There is a saying that there are only two certainties in life: Death and Taxes. I think that you could add one more certainty which is: Problems!
Everyday in our lives we are faced with problems which can be big or small. In our workplace we have problems which can be work related or relationship related. Likewise in our personal lives we are faced with problems with our spouses, siblings, in-laws and many others. Sometimes we wish that we could just wake up in the morning and face the day without any problem at all. This is wishful thinking as the very nature of our existence is based on our innate ability to solve problem. In fact our very survival is based on how good a problem solver we become. Apart from the fact that we have technologically, culturally and socially developed over many millennia, we still are confronted with problems of many variations. To put it crudely, if you look at your fundamental job scope, you are being paid to solve the problems of your organization.
Your inability to resolve your organizational problems will spell disaster for your career. There is no way around it. Rather you will be better off if you learn the fine art of being able to solve the problems that confronts and confounds you daily. Question that you need to ask is whether you can become an excellent problem solver?
My answer is Yes! However it is not going to be easy. But the more you take on the problems that confound you head long the better you will become with time. By being able to solve problems efficiently you will become a very powerful and effective individual. Also as the great French dramatist, Jean-Baptiste Poquelin puts it: “The Greater the obstacle, the more glory in overcoming it.”
You can teach yourself to become a good problem solver. This is obviously not going to happen overnight, but if you put conscientious effort into trying to resolve the problems that you face you will slowly learn the fine art and science of problem resolution.
Identifying the problem
The first step in becoming an excellent problem solver lies in your ability to identify the nature of the problem. You need to ask yourself two very important questions. Is the problem that is confronting you a ‘fix-it’ kind of problem or a ‘do-it’ kind of problem?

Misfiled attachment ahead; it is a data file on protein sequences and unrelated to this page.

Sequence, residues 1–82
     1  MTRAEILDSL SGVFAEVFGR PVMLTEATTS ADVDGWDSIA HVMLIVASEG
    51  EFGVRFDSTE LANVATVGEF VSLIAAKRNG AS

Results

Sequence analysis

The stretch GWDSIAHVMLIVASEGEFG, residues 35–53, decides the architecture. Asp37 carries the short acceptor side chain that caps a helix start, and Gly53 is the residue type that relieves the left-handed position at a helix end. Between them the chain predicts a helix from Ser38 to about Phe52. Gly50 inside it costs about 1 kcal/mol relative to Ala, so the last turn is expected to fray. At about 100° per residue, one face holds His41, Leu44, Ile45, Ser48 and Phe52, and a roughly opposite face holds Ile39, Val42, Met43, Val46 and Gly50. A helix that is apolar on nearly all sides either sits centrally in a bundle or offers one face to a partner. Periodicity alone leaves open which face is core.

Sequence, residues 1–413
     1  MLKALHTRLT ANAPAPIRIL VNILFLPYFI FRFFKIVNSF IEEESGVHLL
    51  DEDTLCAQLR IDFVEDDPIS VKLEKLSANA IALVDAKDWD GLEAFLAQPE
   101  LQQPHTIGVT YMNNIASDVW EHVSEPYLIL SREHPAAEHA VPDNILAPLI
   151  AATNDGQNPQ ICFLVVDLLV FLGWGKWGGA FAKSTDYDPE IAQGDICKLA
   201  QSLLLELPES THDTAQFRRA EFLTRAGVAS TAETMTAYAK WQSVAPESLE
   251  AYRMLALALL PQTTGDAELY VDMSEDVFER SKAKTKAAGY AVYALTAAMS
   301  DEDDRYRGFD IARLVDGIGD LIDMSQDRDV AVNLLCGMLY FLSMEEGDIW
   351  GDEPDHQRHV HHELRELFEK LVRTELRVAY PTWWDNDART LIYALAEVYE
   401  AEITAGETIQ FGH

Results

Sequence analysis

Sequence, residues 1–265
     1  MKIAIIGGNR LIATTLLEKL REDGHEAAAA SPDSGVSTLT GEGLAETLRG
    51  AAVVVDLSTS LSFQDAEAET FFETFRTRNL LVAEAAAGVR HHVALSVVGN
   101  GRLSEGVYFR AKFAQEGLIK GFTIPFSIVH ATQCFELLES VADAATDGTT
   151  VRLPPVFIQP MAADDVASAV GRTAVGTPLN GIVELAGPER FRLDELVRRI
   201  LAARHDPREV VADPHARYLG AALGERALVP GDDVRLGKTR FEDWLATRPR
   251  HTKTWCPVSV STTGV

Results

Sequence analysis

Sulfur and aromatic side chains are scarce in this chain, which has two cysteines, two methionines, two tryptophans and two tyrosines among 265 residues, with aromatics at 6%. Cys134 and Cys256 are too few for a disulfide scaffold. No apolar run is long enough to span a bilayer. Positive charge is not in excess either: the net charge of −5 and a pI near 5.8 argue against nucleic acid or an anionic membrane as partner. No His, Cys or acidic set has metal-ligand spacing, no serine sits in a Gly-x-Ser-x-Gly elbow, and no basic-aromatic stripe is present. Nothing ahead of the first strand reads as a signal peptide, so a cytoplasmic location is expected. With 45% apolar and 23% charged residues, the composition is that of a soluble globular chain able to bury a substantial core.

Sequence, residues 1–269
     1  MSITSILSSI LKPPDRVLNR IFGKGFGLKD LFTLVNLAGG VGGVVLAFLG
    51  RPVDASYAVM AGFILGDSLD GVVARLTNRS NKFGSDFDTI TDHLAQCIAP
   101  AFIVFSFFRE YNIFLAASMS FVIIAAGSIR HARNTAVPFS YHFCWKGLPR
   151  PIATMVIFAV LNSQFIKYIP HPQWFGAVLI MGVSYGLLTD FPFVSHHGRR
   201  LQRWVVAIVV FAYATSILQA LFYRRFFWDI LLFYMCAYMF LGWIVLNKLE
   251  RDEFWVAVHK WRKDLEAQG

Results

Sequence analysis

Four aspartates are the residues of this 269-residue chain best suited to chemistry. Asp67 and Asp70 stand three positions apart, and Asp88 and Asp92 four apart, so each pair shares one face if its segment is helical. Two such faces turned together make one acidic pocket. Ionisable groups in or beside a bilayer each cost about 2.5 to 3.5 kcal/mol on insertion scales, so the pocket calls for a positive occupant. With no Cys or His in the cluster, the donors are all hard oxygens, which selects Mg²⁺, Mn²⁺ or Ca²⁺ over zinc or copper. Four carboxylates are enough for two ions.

Fix-it problem usually involves something that has gone wrong and you have to put it right. Like for instance the photocopier in your office broke down and you’ve got to print one hundred copies of an important document to be distributed during the meeting which is going to be held in fifteen minutes. This kind of situation puts you in an urgent and important quadrant as you will have to take effective steps to resolve the key issue which is ‘how to find another way of photocopying the document so that you can get them ready for the meeting?” Your thought is not in getting the photocopier repaired as you have a more important and urgent task at hand.
After the meeting is over, you may find yourself having more time to look into the reasons as to why the photocopier broke down and thus take necessary steps to repair it. When you engage in this process you are now demonstrating what is called the ‘Do-it’ problem solving.
‘Do-it’ problems apparently deal with something that has to be done in order to prevent further problems from arising. Like for instance: the roof is leaking; the computer program has a virus; the car broke down. In these kinds of ‘do-it’ problem situations you have to learn to look at the situation objectively to see what cause of action you may want to take.
Analysis of the problem
The next stage in problem solving is the analysis of the problem. This will require you to ask some hard-hitting questions like what is the cause of the problem; who started it; why does it occur; what can we do about it; whose responsibility is it to solve this problem; do we have all the data to solve the problem; how can we get the information we want to solve the problem; what is the ideal outcome that we want here etc.
The more questions you ask once you’ve identified the problem the more information that you might have to solve the problem. There are some problems whereby there is no answer to its resolution. Like for instance if you want to solve the problem of poverty in the world, this would be a tall order and one which you may not be able to resolve if at all. This would be an example of a ‘fix’it’ problem which is extremely difficult to ‘fix’. However, if you were to change your outlook by making this into a ‘do-it’ problem you might be able to solve some small aspect of the problem. Like you can start a company trust fund to collect monies for the poor people living within your vicinity and create a distribution channel to give these poor people what they need. You are not solving the world poverty problem, but moving from a ‘fix-it’ to ‘do-it’ you get to do something worthwhile.
Implementation of solutions
Ultimately, the concept of problem solving involves the ability to find solutions. There may be more than one solution for a problem. This is when you need to integrate the process of decision making to see how best you could implement the most effective solution. When implementing the solution to solve the problem you should take note too that what works for one situation may not work for another. Therefore you need to re-engage yourself to come up with new strategies to solve new problems that arise.